TL;DR: 1936. Answer goes from describing the one I found, how I found it, what could be an earlier instance, and ends on a treat for nitpickers.
I've done some research (see below) and the earliest one I can trace is this panel from "The Secret Ray", also known as "Manitoba no reply", the first issue of The adventures of Jo, Zette and Jocko by Belgian author Hergé, which was originally pre-published in the French weekly newspaper Cœurs vaillants.
The panel is dated from February 2, 1936. Full page here, if you're curious.
From where I stand, "The Secret Ray" qualifies as SFF in the sense that while Adventures of Jo, Zette and Jocko can feel like classic 1930s action-adventure stories for children, this particular story features:
An evil scientist who created a taser-like ray, as well as the title "secret ray", which he uses to put ships' crews to sleep and steal from them.
A killer robot, creation of aforementioned scientist. The robot is remote-controlled, but is intended to be fully autonomous, the "first living being ever created", elevating its creator as a God.
I meant to randomly browse 40s-50s Marvel/DC comics at first, but I grew up with Franco-Belgian comics, and the grawlixes are recurrent in those. I found several in Tintin issues, which were also written and drawn by Hergé. Not all Tintin issues qualify as SFF though, so I went for "Manitoba no reply" which I knew was SFF.
Bingo, just had to trace back the original one from the 30s to make sure the grawlix wasn't added in the later reprints. Jackpot, it wasn't. :-)
So what could be an earlier instance?
- For the sake of completeness, let's mention this Slate article which provides a 1902 grawlix from Katzenjammer Kids (not SFF as far as I know).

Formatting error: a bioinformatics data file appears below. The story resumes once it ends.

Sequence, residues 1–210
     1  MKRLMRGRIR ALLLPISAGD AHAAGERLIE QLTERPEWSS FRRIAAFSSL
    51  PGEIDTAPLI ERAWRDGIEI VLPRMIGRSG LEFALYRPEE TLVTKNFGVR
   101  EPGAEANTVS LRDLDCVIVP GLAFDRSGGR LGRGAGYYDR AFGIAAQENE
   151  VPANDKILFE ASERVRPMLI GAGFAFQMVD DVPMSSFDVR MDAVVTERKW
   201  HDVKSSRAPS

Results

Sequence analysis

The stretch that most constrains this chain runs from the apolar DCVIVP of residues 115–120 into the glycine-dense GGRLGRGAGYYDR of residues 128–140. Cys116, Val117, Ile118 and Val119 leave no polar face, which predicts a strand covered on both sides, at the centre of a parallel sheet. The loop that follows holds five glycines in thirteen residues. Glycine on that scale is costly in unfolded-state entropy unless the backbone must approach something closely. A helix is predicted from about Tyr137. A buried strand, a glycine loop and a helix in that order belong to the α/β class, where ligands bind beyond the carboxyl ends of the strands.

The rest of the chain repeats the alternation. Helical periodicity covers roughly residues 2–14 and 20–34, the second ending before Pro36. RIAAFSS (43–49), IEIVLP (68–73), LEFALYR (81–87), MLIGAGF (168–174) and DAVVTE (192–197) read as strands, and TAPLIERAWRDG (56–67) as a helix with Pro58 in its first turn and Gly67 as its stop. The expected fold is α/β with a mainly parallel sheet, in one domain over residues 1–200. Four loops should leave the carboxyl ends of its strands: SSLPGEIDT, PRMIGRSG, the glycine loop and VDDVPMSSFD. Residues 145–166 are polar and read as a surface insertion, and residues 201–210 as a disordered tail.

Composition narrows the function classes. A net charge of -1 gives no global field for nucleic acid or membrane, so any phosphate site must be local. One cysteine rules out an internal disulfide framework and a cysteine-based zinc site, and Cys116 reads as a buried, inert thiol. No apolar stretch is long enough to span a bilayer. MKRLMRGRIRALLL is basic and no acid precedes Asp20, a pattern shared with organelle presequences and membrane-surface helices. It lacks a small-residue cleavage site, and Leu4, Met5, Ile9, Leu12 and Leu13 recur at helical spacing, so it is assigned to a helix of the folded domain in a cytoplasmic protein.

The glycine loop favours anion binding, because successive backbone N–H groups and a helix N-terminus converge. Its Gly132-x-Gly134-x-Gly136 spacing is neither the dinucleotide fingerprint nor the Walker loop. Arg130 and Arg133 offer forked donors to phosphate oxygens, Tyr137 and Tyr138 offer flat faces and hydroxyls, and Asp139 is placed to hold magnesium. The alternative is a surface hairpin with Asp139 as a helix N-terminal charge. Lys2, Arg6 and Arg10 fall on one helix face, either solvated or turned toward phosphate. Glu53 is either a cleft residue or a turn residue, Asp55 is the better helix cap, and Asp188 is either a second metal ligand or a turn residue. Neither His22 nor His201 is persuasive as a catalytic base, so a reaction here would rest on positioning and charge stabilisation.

- The Hergé panel being dated from 1936, most classic comics franchises are out (Superman for instance debuted in 1938).
- user14111 mention Li'l Abner in a comment, with a grawlix dated November 27, 1951. I've been through a good bunch of the 1934-1935 Li'l Abner strips (available on this website) and found none, though it's possible I missed one. However, the SFF element in this comic is apparently the Shmoos, which if I am to believe Wikipedia were only introduced in 1948.
- I don't have access to early Tarzan and Mandrake the magician comics, but grawlixes usually are a "comedy" thing, and from the little I know of these, they don't seem to qualify.
- There's a comic titled The Adventures of Patsy which involve a magical kingdom and a magician, and looks cartoonish. It debuted in 1934 though, so it's a narrow period to catch up to Hergé's 1936.
Someone wants to argue that the 1936 panel isn't exactly profanity, and just the ship's captain's confusion (though it could be profanity - the captain's confusion was already depicted in the panel before)?
Fine, here's my second best. It's the earliest grawlix in Tintin's issue "Prisoners of the Sun" (1948). Not the first grawlix in all Tintin issues, but the first in a SFF one.